The inability to find justice for this particular victim would be troubling. But so, too, would be a opportunity to marshal the full resources of the criminal justice systems in two countries to get to the whole ugly bottom of the story of George Gibney in America. Not long after he allegedly raped and impregnated the girl in Florida, Gibney somehow secured a diversity lottery visa. By threading the needle of a timeline, just before he got officially indicted the first time in Ireland, Gibney then seemed to use the visa as a golden ticket for a second act as a U.S. resident alien.
Gibney actually wanted more than that: In 2010 he applied for U.S. citizenship. He was denied, seemingly because he’d lied on his application about whether he’d ever been arrested or indicted in his native country. U.S. Citizenship and Immigration Services dinged his requested citizenship for this flaw. But with tortured logic, Immigration and Customs Enforcement decided that a material lie to the government didn’t make him a candidate for deportation – because, yes, Gibney had never been convicted of a crime. Who knew the bar for being a guest of this country was so low?
Who knew, as well, that American government agencies, both local and federal, would remain so incurious about serious allegations not in the distant past in a foreign, but recent and on American soil? One of the huge remaining questions in the George Gibney scenario – with or without a second indictment by Ireland’s DPP – would be whether Irish and U.S. police authorities ever meaningfully compared notes on the 1991 rape allegation.
Also left dangling: Just how did Gibney manage to attain U.S. haven in the mid-nineties? During my 2016–17 Freedom of Information Act case against the Department of Homeland Services for records from Gibney’s immigration file, Judge Charles R. Breyer pointedly entered into the record my suspicion that “the American Swimming Coaches Association greased the wheels for Gibney’s relocation.”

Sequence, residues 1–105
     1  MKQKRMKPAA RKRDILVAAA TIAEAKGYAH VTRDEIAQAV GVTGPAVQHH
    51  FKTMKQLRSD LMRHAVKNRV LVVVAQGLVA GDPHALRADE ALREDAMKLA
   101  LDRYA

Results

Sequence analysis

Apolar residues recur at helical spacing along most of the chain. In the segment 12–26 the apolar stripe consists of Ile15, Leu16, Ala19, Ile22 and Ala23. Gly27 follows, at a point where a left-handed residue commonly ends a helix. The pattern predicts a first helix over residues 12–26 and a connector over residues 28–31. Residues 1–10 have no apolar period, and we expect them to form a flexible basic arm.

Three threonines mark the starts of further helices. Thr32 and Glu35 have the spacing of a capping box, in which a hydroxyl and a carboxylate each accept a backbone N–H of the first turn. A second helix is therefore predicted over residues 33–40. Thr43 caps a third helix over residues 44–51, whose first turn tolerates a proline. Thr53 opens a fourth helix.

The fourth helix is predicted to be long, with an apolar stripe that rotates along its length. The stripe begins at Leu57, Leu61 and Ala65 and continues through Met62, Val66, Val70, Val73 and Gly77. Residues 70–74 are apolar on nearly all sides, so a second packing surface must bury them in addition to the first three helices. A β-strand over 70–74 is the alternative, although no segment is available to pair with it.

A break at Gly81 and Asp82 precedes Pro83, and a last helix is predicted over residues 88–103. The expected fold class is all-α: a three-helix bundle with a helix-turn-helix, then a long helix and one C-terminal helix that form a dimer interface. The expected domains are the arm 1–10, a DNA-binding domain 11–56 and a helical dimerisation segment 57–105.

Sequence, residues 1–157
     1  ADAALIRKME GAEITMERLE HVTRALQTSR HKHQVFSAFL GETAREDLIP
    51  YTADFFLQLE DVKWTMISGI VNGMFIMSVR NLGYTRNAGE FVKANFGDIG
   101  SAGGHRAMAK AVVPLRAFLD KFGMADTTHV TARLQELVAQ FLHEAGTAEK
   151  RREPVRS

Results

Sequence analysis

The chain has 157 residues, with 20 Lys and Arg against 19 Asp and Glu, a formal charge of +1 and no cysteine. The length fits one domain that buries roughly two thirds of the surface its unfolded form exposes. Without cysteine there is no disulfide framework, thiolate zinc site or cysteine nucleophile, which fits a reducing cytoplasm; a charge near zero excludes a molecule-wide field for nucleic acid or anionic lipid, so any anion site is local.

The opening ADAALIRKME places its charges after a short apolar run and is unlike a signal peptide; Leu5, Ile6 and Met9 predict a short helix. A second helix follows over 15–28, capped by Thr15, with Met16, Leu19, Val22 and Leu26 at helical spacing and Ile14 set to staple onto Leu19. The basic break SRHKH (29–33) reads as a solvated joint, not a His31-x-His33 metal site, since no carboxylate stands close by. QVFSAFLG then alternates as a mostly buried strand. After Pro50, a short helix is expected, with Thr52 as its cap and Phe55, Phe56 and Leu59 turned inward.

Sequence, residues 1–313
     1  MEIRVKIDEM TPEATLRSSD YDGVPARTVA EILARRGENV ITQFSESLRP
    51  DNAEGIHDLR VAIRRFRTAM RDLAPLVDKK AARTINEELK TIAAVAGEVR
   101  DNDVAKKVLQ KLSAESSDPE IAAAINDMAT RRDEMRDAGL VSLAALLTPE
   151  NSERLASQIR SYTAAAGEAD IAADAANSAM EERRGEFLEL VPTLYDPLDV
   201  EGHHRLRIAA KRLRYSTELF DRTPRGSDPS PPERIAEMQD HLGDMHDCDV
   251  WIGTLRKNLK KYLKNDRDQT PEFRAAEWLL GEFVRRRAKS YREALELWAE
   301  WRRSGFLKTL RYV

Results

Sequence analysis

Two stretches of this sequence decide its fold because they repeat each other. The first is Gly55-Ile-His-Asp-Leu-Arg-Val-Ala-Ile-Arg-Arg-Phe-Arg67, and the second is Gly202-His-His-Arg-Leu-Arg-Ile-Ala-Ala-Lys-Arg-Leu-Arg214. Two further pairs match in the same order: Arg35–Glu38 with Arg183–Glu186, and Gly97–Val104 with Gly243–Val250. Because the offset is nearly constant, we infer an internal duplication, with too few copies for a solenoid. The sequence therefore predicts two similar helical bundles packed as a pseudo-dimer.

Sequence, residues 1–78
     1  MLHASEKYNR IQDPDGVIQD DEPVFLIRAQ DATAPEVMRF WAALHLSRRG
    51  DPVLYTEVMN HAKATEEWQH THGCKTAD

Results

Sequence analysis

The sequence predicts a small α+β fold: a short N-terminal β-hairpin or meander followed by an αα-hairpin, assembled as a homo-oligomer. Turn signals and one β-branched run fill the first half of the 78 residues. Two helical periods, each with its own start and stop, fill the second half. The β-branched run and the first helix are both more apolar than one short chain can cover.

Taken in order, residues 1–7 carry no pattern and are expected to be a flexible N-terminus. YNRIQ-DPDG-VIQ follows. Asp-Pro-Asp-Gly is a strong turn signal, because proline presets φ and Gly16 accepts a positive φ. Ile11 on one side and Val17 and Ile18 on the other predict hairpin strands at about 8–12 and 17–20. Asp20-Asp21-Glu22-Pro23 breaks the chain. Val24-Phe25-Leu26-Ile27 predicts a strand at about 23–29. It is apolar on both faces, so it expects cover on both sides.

For my 2021 article about Gibney in America, for the Colorado Springs Gazette, U.S. abuse victims’ lawyer Jonathan Little said, “George Gibney is the most prolific child molester in Olympic sports history, including Larry Nassar. Gibney raped children not only in Ireland but in the United States. The fact that Gibney is permitted to stay in the United States when his criminal history is so well known is baffling to me and it shows the true power of the Olympic movement. As citizens, we need to be asking: ‘Who in our government is allowing Gibney to stay here and why?’”
Last week, the swimming news site SwimSwam, for the first time, published Little’s quote and the Gazette coverage.
All this became newly urgent when, after the FOIA case, FBI agents traveled to Peru to explore Gibney’s reported involvement there in a Colorado church’s children’s medical mission. After that, I learned, Gibney was – and for all we know still is – under investigation by the human trafficking finance specialist at the Justice Department’s Money Laundering and Asset Recovery Section.
So let’s celebrate bring George Gibney back to justice, if that is what proceeds to happen. But let’s not close only half of Gibney’s 30-year, two-continent loop.